Recessions usually mean more creation of start-up businesses. When people get laid off, they often use their unemployment as an opportunity to start the business they always dreamed about—or, because the job market is so bad, they have no choice but to become entrepreneurs.
But more businesses doesn't necessarily mean better businesses. A Kauffman Foundation study found that more of the businesses being started last year are businesses with lower-income-potential—think more grocery stores rather than more software firms.
But this article in yesterday's New York Times gives the other side of the story. Sometimes recessions not only create entrepreneurs, but strengthen them:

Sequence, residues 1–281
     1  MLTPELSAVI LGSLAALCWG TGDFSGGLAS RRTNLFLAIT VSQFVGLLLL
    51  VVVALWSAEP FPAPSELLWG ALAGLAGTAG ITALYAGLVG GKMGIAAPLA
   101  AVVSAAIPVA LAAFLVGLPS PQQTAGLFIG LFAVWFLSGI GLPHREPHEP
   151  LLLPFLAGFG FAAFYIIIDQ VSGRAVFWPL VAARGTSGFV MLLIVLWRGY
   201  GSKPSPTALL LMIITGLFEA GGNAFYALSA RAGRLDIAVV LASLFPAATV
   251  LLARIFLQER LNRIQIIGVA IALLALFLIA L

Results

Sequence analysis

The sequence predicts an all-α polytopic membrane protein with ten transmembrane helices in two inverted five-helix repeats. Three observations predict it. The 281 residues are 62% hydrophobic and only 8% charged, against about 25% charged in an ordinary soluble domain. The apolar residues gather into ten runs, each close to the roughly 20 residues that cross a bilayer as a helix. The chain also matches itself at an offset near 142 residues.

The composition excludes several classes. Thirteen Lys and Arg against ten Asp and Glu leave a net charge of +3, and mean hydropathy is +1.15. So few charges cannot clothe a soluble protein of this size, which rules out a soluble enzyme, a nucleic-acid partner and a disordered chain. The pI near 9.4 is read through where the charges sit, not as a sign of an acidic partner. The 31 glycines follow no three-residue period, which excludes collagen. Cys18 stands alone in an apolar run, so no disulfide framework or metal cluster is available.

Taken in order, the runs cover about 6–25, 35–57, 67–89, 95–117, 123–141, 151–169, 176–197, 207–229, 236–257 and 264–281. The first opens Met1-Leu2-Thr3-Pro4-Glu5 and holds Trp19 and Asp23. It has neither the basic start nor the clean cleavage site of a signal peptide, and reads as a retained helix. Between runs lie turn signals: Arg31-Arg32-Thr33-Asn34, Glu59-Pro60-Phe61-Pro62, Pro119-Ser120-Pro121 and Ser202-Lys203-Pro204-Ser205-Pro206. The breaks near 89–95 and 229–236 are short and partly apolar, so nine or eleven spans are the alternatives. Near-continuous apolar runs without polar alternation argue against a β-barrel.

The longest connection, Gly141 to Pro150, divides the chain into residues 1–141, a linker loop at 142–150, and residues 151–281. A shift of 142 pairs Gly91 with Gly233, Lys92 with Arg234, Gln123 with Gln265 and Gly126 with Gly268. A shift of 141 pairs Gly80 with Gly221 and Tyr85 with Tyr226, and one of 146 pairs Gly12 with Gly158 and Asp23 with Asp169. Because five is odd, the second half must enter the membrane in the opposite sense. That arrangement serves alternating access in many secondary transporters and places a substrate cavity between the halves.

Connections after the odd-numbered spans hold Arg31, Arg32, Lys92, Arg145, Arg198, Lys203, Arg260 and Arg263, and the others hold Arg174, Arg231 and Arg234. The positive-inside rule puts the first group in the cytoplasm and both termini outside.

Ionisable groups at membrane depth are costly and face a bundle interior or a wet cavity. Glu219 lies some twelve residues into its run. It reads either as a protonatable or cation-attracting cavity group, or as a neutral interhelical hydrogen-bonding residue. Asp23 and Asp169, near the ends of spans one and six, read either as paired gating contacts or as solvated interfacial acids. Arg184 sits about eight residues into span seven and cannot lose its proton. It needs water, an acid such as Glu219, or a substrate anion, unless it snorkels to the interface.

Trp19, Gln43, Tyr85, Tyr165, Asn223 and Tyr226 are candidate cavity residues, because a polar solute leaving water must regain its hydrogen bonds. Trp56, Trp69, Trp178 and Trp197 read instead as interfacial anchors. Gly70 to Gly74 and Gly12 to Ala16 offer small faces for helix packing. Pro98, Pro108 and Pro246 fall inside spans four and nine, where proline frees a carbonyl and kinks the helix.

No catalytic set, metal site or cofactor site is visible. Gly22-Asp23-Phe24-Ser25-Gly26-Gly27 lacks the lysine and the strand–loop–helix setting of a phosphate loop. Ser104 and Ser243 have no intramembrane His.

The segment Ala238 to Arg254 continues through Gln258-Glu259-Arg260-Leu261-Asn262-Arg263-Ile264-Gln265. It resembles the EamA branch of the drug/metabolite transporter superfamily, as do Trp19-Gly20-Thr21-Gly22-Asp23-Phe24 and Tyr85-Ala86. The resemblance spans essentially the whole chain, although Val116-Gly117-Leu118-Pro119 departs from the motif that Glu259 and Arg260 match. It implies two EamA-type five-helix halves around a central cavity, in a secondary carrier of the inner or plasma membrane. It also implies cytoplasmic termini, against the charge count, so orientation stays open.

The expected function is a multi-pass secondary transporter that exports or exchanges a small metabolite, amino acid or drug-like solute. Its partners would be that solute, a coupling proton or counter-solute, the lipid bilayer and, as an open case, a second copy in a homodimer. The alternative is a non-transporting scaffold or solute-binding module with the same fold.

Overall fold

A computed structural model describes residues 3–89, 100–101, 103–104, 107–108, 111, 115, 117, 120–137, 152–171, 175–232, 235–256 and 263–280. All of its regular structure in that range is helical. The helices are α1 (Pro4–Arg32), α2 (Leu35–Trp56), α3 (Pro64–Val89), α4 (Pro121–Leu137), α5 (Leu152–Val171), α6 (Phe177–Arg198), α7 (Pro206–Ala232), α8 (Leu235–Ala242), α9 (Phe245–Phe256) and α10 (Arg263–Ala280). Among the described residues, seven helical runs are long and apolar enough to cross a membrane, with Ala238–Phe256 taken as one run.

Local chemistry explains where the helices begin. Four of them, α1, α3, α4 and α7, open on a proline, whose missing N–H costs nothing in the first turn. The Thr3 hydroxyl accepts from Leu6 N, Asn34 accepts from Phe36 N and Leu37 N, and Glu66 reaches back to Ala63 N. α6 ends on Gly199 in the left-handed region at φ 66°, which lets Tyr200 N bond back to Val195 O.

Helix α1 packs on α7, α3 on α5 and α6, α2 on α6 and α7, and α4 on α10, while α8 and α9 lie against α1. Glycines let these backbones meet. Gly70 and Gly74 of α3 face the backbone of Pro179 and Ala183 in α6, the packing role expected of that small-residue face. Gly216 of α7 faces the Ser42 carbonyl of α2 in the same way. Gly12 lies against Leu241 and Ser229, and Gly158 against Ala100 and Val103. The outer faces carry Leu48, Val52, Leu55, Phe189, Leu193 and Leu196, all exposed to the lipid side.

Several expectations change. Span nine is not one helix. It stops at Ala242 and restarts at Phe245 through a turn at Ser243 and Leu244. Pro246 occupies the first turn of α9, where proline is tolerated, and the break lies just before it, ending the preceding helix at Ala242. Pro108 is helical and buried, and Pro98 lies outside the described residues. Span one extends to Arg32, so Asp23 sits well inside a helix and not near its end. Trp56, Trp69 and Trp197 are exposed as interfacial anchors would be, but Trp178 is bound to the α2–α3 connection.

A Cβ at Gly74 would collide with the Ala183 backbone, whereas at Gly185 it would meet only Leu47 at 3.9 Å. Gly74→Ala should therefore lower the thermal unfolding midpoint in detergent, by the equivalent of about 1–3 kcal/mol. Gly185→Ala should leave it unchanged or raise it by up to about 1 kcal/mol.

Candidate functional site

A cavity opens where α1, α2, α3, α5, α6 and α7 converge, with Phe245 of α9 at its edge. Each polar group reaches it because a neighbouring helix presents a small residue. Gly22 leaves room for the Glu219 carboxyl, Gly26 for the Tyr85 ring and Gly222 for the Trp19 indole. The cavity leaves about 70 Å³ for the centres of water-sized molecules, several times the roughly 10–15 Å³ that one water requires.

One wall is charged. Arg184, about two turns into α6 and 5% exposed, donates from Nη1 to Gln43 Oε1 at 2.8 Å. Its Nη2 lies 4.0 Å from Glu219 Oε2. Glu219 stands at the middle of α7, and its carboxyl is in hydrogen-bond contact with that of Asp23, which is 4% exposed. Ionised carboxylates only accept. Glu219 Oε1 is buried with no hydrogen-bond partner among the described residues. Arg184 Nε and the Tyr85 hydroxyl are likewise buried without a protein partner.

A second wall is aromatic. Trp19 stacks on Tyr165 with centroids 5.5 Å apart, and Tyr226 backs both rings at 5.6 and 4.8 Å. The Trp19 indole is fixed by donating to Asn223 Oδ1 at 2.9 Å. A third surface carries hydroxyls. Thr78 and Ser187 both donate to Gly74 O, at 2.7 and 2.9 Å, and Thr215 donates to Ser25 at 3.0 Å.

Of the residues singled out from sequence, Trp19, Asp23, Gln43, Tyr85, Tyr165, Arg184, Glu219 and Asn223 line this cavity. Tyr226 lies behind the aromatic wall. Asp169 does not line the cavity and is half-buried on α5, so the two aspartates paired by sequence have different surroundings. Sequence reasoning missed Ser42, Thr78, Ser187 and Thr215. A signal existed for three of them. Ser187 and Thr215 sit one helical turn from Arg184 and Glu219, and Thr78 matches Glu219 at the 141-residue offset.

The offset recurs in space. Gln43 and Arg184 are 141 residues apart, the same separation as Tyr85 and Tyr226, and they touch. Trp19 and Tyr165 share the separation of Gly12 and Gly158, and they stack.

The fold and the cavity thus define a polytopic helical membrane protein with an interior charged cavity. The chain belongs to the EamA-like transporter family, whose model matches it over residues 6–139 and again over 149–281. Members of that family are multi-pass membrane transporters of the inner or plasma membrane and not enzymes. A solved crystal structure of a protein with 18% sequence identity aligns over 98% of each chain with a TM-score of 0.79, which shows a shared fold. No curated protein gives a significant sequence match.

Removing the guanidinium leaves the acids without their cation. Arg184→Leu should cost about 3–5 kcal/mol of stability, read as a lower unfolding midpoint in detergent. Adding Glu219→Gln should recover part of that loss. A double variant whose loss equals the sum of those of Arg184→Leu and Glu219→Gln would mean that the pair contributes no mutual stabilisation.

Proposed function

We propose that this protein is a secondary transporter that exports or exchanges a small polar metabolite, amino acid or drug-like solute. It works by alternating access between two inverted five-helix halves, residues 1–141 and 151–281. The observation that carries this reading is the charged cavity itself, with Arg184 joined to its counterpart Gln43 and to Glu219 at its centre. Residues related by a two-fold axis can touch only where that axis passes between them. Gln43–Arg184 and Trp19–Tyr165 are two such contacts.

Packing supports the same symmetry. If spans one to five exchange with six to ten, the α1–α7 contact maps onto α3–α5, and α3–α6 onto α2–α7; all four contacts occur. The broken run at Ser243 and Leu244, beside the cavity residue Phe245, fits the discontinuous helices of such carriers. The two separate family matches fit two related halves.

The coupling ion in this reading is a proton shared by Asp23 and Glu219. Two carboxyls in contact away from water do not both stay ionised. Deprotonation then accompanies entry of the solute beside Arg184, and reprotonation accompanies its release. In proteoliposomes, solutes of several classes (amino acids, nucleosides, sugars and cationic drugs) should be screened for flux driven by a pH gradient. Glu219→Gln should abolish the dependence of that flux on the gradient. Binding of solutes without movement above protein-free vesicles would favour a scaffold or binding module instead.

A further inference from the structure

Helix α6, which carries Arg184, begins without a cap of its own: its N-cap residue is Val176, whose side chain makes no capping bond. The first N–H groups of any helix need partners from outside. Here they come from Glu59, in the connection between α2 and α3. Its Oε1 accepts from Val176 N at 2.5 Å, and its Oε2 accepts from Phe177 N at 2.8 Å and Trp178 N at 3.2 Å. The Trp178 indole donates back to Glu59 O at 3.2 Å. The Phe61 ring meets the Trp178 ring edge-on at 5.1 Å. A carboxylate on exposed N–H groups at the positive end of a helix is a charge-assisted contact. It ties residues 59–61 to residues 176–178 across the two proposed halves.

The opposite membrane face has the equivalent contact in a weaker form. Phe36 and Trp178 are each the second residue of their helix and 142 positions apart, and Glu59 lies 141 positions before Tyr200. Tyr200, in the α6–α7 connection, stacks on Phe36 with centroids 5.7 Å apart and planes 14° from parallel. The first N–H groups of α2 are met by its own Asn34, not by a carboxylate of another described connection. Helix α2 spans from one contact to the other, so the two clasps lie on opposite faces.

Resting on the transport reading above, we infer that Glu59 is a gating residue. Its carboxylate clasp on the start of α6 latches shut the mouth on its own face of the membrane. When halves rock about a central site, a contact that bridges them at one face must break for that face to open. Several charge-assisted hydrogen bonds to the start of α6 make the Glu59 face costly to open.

But research on what is known as post-traumatic growth has found that some people become more resilient when faced with adversity, says Shawn Achor, a Harvard researcher. Creativity surges, he says, as they adapt to a new situation. “Their brain is actually learning at a faster pace than when they are not challenged,” Mr. Achor says. “As a result of this, some individuals, the accidental entrepreneurs, they are the ones who in the midst of crisis actually respond with growth.”
That's good news even for people who have no intention of ever starting a business. Many businesses that provide employment and growth for our economy were products of adversity. The article mentions that Starbucks, Intuit and PetSmart were all founded during recessions.